There’s a seriously wondrous kicker to this story

This summer I got to see how Illinois government works from the inside when I accepted a high-level position at the governor’s office.

A lot of people have asked why I took the role, considering I have spent the bulk of my career railing against the government.

It came down to this: If I declined the job, I’d watch Illinois’ problems go unfixed and wonder if I could have made a difference. Or, I could enter the nucleus of state government and attempt to change the system from within.

The experience was eye-opening, but after six weeks I decided to leave the position. It was a dysfunctional workplace in a flailing administration. The bad I saw far outweighed any good I could do.

State government, lollygagging, inefficiency etc etc etc.

OK:

I was asked to bring four departments under one umbrella to streamline operations and increase effectiveness. Across these four departments, several jobs seemed duplicative or unnecessary, and there were some employees who weren’t productive.

I started by asking human resources for job descriptions and performance reviews for all staffers under my supervision, but was told none existed. Then I learned how it really worked.

Underperformers aren’t fired; they’re simply transferred to different positions, shuffled elsewhere on the payroll or tucked away at state agencies.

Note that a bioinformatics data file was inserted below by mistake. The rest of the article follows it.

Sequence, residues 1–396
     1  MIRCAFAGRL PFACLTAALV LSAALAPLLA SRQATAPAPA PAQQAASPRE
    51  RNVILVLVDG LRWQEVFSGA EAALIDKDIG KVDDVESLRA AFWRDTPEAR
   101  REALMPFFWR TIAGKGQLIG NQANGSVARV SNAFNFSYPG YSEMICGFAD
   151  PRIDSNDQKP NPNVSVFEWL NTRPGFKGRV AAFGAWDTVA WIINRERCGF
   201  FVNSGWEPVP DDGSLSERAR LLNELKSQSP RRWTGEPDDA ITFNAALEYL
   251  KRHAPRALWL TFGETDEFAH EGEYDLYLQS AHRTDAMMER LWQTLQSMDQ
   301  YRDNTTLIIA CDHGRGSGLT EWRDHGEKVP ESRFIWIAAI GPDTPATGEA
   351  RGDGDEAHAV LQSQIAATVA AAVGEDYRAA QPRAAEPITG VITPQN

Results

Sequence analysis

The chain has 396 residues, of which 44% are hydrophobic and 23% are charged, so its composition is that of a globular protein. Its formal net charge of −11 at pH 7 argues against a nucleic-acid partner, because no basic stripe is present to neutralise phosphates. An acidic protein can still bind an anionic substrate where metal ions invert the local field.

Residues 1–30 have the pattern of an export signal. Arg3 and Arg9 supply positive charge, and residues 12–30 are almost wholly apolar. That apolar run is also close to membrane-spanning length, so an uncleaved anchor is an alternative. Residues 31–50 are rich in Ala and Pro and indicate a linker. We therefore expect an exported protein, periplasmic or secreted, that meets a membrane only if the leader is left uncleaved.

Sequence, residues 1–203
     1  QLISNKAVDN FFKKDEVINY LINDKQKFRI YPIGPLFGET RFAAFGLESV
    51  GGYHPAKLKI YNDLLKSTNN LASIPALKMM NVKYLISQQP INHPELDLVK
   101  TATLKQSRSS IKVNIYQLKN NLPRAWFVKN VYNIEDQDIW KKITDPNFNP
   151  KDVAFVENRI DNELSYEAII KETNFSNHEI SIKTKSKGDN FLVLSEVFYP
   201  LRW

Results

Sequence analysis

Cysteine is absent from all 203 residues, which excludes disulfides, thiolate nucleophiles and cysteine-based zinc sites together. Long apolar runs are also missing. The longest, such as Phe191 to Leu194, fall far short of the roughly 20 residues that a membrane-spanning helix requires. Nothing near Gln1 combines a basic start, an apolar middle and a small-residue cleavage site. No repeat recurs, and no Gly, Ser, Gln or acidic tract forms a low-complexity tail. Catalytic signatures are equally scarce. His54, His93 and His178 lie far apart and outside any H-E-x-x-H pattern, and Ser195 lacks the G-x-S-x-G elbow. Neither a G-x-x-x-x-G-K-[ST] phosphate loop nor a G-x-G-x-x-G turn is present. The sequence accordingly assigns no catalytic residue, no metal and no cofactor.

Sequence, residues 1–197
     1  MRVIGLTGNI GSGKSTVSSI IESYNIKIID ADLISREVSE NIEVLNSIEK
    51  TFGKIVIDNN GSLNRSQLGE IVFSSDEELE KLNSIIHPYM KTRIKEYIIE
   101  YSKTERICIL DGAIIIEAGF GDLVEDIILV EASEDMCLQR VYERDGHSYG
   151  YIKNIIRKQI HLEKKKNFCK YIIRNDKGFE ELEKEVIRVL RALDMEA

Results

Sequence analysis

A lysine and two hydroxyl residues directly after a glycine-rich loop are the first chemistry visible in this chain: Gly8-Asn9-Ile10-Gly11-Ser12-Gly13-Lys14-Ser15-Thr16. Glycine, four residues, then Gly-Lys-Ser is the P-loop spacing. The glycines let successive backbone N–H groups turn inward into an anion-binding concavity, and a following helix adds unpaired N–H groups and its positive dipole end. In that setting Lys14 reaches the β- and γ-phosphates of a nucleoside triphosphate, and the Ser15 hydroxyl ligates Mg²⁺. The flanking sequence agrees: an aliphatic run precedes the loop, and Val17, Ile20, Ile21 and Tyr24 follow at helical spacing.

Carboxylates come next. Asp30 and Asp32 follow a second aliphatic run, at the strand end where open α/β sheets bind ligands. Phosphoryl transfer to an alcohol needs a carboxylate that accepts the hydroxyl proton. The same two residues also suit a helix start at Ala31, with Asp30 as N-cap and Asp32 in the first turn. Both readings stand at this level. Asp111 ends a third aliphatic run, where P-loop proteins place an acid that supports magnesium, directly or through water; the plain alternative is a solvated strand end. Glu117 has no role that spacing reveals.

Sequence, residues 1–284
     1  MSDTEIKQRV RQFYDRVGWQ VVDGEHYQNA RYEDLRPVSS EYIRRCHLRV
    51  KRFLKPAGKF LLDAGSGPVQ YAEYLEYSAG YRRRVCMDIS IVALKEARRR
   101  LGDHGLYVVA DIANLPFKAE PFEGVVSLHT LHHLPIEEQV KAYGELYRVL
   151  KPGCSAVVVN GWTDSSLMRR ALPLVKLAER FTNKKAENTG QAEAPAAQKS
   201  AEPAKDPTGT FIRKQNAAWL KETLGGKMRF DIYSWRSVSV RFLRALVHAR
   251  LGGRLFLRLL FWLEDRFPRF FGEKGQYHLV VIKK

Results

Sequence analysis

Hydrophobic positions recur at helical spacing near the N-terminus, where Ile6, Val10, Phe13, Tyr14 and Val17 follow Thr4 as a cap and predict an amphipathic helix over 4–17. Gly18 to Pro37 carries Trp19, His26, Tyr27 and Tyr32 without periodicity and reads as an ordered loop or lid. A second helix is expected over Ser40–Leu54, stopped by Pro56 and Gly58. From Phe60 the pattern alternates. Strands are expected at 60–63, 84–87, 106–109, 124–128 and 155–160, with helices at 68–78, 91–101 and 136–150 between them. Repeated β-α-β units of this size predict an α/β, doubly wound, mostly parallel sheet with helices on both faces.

OK, yes, that’s how a union led bureaucracy works. Fine.

And the kicker?

Diana Sroka Rickert formerly worked for the libertarian-to-conservative Illinois Policy Institute and recently headed Gov. Bruce Rauner’s communications team.

There’re two in fact.

One, someone who writes this, ahem, well, was running a comms team? Secondly, that anyone vaguely libertarian or conservative thinks that a politician needs a comms team? Ain’t those two wondrous problems in and of themselves?

And yes, I’ve been paid to do political PR myself, incumbents don’t need it…..

21 thoughts on “There’s a seriously wondrous kicker to this story”

  1. How dense and defeatist must one be to write nonsense like this:

    The bad I saw far outweighed any good I could do.

    ?

  2. Ok,

    “It came down to this: If I declined the job, I’d watch Illinois’ problems go unfixed and wonder if I could have made a difference. Or, I could enter the nucleus of state government and attempt to change the system from within.”

    Cool, go for it.

    “I was asked to bring four departments under one umbrella to streamline operations and increase effectiveness.”

    Right, bit of a task, but, hey, you’re (possibly) on a mission, right?

    “The experience was eye-opening, but after six weeks I decided to leave the position.”

    Six, ah say Six fucking weeks?

    Fucking mouth-breathing, bottom feeding, bellend.

  3. Bloke in North Dorset

    A long winded way of saying “I thought Govt was broken, I didn’t think it could be that fucked”.

  4. So rather than stay and actually make changes that would improve things they bottled it and ran.

    OK we know where they stand if the subject of making changes ever comes up.

  5. I actually have some sympathy here. Why pursue a hiding to nothing and get pilloried in the process? Trade out of a loosing position as fast as you can whether that be in finance or where a position in a company is concerned. It’s easy to sit to one side and expect others to sweat blood on our behalf but these jobs transforming the public sector are awesomely difficult. You need a large public vote in your favour and serious political backing as the vested interests are in so deep.